Volume 575 Numéro Pages 137-152  
  Mots-Clés aquatic ecosystems; Bairdiella chrysoura; climate-change; Coastal ecosystem; fish otoliths; food-web; movement patterns; prey availability; Stable isotope analysis; stable-isotope analysis; survival; temporal-changes; terminos lagoon; Trophic ecology; Trophic interactions  
  Résumé Accurate knowledge on fish trophic ecology and its modifications is crucial for understanding the impact of global change on ecosystems. In this context, we investigated the value of the delta C-13 and delta N-15 of otolith soluble organic matter (SOM) for identifying temporal diet shifts in American silver perch Bairdiella chrysoura over a 30-yr period characterized by strong changes in its population size and habitats within the Terminos Lagoon (Mexico). We first compared the otolith SOM isotopic signatures from present-clay adults to those of muscle and the main local prey. Our results suggest that otolith SOM can be confidently extracted and analyzed for both present and past otoliths of this species. The mean otolith SOM signatures obtained (-15.92 +/- 1.35%, for delta C-13 and 9.38 +/- 0.93%, for delta N-15) were consistent with those of the diet as 85% of the individual signatures were included within the prey isotopic niche area. Moreover, this study supports a trophic enrichment factor between diet and otolith (TEFdiet-otolith) close to 0 for delta N-15, while for delta C-13, the TEFololith-muscle of +0.02% warrants further investigation. Then, we compared past and contemporary otolith SOM signatures to investigate temporal diet shifts in B. chrysoura. This showed that 613C and delta N-15 differed significantly between the past and present period even if the temporal shift remained relatively small (respectively +1.17%, and 0.55%). The present study substantiates the use of otolith SOM delta C-13 and delta N-15 as a proxy of fish present and past trophic position, opening the possibility for major progress in studies of temporal changes in food web ecology.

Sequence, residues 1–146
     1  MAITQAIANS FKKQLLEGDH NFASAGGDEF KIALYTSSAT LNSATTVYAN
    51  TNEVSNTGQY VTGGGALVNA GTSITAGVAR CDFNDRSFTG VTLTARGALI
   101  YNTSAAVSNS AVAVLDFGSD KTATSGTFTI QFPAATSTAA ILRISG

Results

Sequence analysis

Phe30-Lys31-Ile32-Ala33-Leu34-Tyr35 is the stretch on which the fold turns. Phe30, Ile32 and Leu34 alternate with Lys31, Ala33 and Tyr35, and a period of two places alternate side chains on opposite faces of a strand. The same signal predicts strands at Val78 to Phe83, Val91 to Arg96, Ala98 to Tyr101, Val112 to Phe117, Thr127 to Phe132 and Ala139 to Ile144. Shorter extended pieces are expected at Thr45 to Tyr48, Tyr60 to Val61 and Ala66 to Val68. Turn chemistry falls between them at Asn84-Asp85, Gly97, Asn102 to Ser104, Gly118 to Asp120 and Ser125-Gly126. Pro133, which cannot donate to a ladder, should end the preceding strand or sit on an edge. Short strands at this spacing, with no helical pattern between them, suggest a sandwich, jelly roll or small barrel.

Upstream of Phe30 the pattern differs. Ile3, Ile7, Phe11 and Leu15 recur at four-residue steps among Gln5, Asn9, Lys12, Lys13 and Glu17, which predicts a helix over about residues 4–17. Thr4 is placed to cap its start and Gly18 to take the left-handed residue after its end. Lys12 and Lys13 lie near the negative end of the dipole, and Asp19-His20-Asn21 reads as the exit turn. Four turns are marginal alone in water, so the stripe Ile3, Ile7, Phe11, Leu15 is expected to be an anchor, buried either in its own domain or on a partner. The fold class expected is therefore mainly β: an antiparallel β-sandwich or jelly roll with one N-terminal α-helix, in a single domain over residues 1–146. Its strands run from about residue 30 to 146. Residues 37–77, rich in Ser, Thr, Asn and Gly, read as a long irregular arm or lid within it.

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  Éditeur de collection Titre de collection Titre de collection Abrégé  
  Volume de collection Numéro de collection Edition  
  ISSN 0171-8630 ISBN Médium  
  Région Expédition Conférence  
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  Numéro d'Appel MARBEC @ alain.herve @ collection 2172  
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Auteur Heerah, K.; Cox, S.L.; Blevin, P.; Guinet, C.; Charrassin, J.-B. doi  openurl
  Titre (up) Validation of Dive Foraging Indices Using Archived and Transmitted Acceleration Data: The Case of the Weddell Seal Type Article scientifique
  Année 2019 Publication Revue Abrégée Frontiers In Ecology And Evolution  
  Volume 7 Numéro Pages  
  Mots-Clés diving behavior; foraging; biologging; accelerometers; movement ecology; satellite relayed data logger; sea-ice